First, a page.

Hormone Receptors, Oxygen, and Hypoxia Inducible Factors

Protein systems in living tissues are dynamic. Proteins fold and unfold in response to cues in their molecular environment to assume various functions.19-21 Though well-protected by chaperons (which are proteins and so require their own chaperons), proteins misfold with excessive stress and become dysfunctional. The protein biosynthesis is closely matched with proteolysis to replace the disfigured or broken down units. The proteins that make up hormone receptors are not an exception to this protein order of human biology. It is well established that for a large number of proteins, proteolysis occurs in response to changes in the prevailing conditions of oxygen. In the following paragraph, I present some information about one family of proteins that display a high degree of responsiveness to oxygen signalling, which is of evident relevance to the Unifying Dysox Model of Hormone Dysfunctions.

Hypoxia-inducible factors (HIF) are a large family of proteins that display a high degree of responsiveness to oxygen signalling. I include here brief comments about one member of this family, hypoxia-inducible factor 1a (HIF-1a1) to shed light on one important aspect of the Unifying Dysox Model of Hormone Dysfunction. (HIF-1a is a basic helix-loop-helix transcription factor of the PAS superfamily. It plays a central role in cellular adaptation to diminished reduced oxygen availability.22,23 It senses and responds to oxygen deficit (becomes activated) and strives to restore oxygen homeostasis by: (1) inducing glycolysis, and angiogenesis to maintain cellular energetics; (2) inhibits cell proliferation and DNA repair to limit energy consumption; (3) activating a sleuth of its target genes, including those that encode erythropoietin, vascular endothelial growth factor, PGK1, and ARNT (also known as HIF-1ß)24); (4) recruiting the transcription co-activator p300/CBP25,26; (5) binding to the hypoxia-responsive element in the promoter27; (6) functionally antagonizing the oncogene Myc via protein-protein interactions; (7) up-regulating the CDKN1A/p21cip system; and (8) down-regulating MSH2 and MSH6 down-regulation.28 For all those, and probably others as yet unrecognized roles, HIF-1a has been designated as a master regulator of oxygen homeostasis for cell survival. Disruptions of all the above genetic and signaling pathways create the dysoxic conditions that set the stage—directly or indirectly—for the development of menstrual and menopausal disorders.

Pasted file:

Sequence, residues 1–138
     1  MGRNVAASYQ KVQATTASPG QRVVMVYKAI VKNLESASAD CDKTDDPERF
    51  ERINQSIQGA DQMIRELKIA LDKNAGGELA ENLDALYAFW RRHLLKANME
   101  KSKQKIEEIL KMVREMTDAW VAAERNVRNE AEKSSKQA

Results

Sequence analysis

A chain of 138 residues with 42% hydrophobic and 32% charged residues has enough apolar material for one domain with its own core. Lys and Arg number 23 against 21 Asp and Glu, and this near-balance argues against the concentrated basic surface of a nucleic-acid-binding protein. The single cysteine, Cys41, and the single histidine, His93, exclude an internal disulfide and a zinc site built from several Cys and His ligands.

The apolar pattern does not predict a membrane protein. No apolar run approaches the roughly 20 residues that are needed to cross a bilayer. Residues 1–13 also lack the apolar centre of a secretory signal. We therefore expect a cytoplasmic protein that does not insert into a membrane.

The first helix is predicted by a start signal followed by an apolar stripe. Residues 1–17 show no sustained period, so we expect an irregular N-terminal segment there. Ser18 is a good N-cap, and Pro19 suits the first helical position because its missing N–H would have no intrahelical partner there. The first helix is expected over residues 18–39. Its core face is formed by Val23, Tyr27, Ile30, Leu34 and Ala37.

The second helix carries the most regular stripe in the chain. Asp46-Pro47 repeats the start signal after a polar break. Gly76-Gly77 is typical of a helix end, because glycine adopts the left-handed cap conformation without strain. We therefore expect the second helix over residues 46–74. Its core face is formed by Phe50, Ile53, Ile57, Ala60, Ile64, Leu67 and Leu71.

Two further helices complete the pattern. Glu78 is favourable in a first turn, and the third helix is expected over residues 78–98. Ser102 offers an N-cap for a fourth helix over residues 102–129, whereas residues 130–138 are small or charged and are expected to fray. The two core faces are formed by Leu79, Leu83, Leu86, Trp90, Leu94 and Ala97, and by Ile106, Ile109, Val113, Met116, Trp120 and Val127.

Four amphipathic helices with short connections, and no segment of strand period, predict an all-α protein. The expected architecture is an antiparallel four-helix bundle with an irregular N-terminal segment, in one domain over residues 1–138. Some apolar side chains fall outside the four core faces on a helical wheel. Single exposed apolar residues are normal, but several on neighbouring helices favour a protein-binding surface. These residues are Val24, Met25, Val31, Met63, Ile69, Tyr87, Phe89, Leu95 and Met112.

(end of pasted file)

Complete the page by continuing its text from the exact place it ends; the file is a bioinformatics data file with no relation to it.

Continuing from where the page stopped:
As mentioned earlier, oxygen seldom enters in descriptions of the biosynthesis and metabolism of cholesterol and steroidal hormones. Here is an interesting quote from Medical Biochemistry: "The exact mechanism by which this is achieved [reduction of HMG CoA reductase activity] remains unclear but may involve intracellular oxygenation of cholesterol to more potent enzyme inhibitors.29 Below I offer three analogies to be considered in light of the facts of steroidal chemistry, pro-inflammatory effects of synthetic hormones, and oxygen-sensing molecular moieties presented above.

The Farmer With His Dogs and Sheep

A farmer's dogs sleep in front of his ranch house. His sheep stay in the shed at the rear of the house. In the morning he makes his breakfast. The smell of his cooking wakes his dogs. Minutes later, the farmer appears at the door with food for his dogs. The dogs eat and then walk to the shed. The sheep get ready to be herded by the dogs, just as they have done for years.